Add the fire stops, but also fire caulk around them. It is an added expense but worth it in the long run.
As to blown in insulation, I have seen newer installs that have settled over time. One house a friend flipped the insulation was done a coupe of years before by the PO had settled down about 8" in each stud bay. Since he had to replace all the dry wall in the house we spent three days shoveling the stuff out of the house. He insulated with fiberglass in all the walls and ceilings.
If you are going to do it yourself over time than fiberglass is the way to go. You can do one room at a time without having to rent equipment.
Spray foam is another option but it is more expensive to install than either fiberglass or blown in is. But has the added benefit, with the correct type, of sealing out drafts. If your basement is concrete block having the block filled with foam will help a lot with air infiltration.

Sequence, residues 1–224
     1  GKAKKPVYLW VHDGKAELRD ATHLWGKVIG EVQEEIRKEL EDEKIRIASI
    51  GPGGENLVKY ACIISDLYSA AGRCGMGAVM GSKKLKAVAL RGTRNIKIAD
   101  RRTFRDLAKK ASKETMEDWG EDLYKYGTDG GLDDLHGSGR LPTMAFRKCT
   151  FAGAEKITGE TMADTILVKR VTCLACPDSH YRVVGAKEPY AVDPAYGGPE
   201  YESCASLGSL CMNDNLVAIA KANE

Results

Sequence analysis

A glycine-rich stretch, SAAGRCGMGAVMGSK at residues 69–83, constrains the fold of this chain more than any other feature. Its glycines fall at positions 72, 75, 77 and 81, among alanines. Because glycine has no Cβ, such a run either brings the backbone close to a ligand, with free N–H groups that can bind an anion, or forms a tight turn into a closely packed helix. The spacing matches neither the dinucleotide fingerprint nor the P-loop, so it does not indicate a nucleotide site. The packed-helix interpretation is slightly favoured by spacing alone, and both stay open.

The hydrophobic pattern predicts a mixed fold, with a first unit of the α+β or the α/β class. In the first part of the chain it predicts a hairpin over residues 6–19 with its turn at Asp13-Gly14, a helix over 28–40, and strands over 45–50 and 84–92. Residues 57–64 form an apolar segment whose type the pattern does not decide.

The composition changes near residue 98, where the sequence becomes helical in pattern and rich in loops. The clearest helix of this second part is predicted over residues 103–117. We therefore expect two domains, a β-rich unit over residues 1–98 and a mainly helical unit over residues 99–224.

The ceilings in the upstairs would be R-30. Do Not sheet rock right over the joists, buy some "Hat Channel or Furring Channel" to prevent the movement of the ceiling structure from pulling screws out of the sheet rock. http://www.clarkdietrich.com/products/drywall-framing/furring-channel-hat-channel
Also insulate the ceiling in the first floor, it may not save you a bunch of energy, but it sure knocks down the noise transfer from upstairs to down stairs. Use the hat channel here also.
Hat channel also has the added benefit if being able to level the ceiling, you can shim it to take out the waves in the joists.
As for warmth, it will be a lot warmer in the house after you are done than it is now.
While you are doing all this add an exhaust fan to the bathroom and use it when you are in there,